Meditate and Pray: May the Lord increase our thankfulness for our inheritance, that is kept sure and safe for us in heaven as 1 Peter 1:3-5 reminds us, and may we sing with great thankfulness the words of Robert Murray McCheyne (# 545 vv. 1-2 in our Trinity Hymnal):

When this passing world is done,

When has sunk yon glaring sun,

When we stand with Christ in glory,

Looking o’er life’s finished story,

Then, Lord, shall I fully know –

Not till then – how much I owe.

When I hear the wicked call

On the rocks and hills to fall,

When I see them start and shrink

On the fiery deluge brink, –

Then, Lord, shall I fully know –

Not till then – how much I owe.

Thursday: read Genesis 34:13-29. Sadly, Dinah’s tragedy proves to be a time of real temptation for her brothers, especially Simeon and Levi. The snare of vengeance against the violator of their sister and all connected to him proves to be their undoing. Led by these two, all of Jacob’s sons deceitfully offer the Holy Sacrament of Circumcision to the followers and family of Hamor in Gen. 34:13-14 – not to invite these unbelievers into the household of faith so that they would discover the Grace of God in the Covenant – but in order to murder them during the incapacitating days of adult circumcision, as they indeed do in Gen. 34:25, along with plundering the possessions of that city. Thus the sons of Jacob, as Bill Harrell puts it, ‘went from being sinned against to sinning. While the sins of others against us may injure us, it is our own sins that ruin us. It is far better to be sinned against than to sin.’

Meditate and Pray: Use these words in prayer from Hymn # 335 in our hymn book to ask the Lord for the grace always to take our hurts to Him and not to take matters of judgment into our own hands:

“Gracious Spirit, dwell with me: I myself would gracious be;

And with words that help and heal would Thy life in mine reveal;

And with actions bold and meek would for Christ my Savior speak.

Truthful Spirit, dwell with me: I myself would truthful be;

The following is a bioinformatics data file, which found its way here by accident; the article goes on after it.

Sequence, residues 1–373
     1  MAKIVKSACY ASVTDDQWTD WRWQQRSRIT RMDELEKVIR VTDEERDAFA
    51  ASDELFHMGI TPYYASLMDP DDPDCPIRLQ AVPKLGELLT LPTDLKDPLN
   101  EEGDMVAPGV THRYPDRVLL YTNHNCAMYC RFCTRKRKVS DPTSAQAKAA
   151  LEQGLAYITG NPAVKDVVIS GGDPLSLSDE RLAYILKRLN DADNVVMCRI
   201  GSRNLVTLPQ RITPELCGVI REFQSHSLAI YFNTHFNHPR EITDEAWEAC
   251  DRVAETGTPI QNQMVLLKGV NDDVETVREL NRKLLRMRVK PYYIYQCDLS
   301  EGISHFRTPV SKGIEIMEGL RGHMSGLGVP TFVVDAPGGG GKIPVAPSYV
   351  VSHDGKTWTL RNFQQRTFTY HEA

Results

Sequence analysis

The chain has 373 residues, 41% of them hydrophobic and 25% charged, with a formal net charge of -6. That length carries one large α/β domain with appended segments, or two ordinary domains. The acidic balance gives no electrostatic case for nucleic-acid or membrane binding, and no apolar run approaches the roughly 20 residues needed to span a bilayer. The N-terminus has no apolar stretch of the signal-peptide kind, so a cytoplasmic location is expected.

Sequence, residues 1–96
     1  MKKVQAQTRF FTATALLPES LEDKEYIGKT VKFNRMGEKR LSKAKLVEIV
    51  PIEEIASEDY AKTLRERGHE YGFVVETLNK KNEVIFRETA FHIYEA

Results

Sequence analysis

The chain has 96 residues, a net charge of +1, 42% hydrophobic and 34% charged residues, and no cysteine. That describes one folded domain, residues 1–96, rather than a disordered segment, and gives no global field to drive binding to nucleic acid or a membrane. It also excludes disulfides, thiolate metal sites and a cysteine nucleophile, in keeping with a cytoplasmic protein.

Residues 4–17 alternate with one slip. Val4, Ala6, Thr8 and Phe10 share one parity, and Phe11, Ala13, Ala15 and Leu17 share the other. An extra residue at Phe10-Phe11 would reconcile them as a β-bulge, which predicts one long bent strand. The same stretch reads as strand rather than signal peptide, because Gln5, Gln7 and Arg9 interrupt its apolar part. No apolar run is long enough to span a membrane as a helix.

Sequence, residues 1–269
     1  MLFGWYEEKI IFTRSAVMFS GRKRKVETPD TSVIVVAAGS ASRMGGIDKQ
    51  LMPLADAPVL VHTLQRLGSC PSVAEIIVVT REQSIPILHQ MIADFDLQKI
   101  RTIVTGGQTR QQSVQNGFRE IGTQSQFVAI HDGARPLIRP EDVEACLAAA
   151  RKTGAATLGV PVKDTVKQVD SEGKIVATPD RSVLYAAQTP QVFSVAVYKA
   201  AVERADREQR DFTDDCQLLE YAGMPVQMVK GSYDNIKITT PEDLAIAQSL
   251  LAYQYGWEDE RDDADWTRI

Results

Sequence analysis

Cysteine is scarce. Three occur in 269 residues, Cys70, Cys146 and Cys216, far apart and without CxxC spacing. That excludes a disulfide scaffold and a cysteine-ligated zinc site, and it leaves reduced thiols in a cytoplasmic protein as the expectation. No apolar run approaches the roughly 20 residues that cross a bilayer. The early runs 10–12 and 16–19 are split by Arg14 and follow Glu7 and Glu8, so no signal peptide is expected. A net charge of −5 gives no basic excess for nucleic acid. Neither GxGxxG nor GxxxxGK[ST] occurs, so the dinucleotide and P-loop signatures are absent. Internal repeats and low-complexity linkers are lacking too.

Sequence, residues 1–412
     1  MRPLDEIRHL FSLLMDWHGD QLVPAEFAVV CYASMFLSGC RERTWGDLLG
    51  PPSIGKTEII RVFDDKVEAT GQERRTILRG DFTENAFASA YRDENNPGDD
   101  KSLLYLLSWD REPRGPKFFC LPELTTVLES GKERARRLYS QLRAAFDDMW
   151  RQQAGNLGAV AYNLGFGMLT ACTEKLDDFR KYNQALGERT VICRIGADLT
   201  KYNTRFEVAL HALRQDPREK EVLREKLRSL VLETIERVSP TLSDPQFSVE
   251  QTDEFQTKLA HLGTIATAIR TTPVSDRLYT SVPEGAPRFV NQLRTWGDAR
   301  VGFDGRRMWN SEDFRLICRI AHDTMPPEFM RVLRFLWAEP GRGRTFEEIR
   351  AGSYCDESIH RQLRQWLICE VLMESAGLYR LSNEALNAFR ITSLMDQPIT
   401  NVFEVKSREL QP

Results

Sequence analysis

And with wisdom kind and clear let Thy life in mine appear;

And with actions brotherly speak my Lord’s sincerity.

Mighty Spirit, dwell with me: I myself would mighty be;

Mighty so as to prevail, Where unaided man must fail;

Ever by a mighty hope, Pressing on and bearing up.”

(Thomas Lynch, 1855)

Friday: read Genesis 34:30-35:5. These elder brothers Simeon and Levi have become so hardened in violent crime that they rudely reject the rebuke of Jacob at their murder of the men of Shechem, when he says to them as their father, “You have brought trouble on me by making me a stench to the Canaanites…” (Gen. 34:30). Surely such hardness must have had long antecedents. Young men simply don’t arrive at such bloody plans of vengeance over night! Where do the hardening effects of sin begin?

We don’t have look far in this case. It is the cruel idols and household gods of the nations, embraced by the very family of Jacob, as Gen. 35:1-4 proves, which produce hard-heartedness and graceless refusals to forgive others for hurting us. Idolatry produces self-satisfaction, passion and lust – but not restraining grace sufficient to cover over the sins of others. Only the Gospel of God’s Grace can make us ‘love our enemies and pray for those who persecute us’ (Matthew 5:44).

Is all therefore lost for Jacob’s family? Not at all: though they must now leave Shechem in disgrace (Gen. 35:5), God’s protecting Power goes with them so that no one takes vengeance on this saved rabble of sinners. Moreover, the Grace of Repentance is given to Jacob’s family as they all give the Patriarch their idols in Gen. 34:4 – including we may be sure the idols which Rachel had hidden in her heart for so long – see Gen. 31:34-35.

Meditate and Pray: Thank God for His victorious Grace in our families and the hope that He will once again visit us with the brokenness of Repentance, softening even hearts long hardened by sin. Sing about this hope in verses 1-2 of # 491 of our hymnal by Ray Palmer (1864):

“Take me, O my Father, take me;

Take me, save me, through Thy Son;

That which Thou wouldst have me, make me,

Let Thy will in me be done.

Long from Thee my footsteps straying,

Thorny proved the way I trod;

Weary come I now, and praying,

Take me to Thy love, my God.

Fruitless years with grief recalling,

Humbly I confess my sin;

At Thy feet, O Father, falling,

To Thy household take me in.

Freely now to Thee I proffer

This relenting heart of mine;

Freely life and love I offer,

Gift unworthy love like Thine.”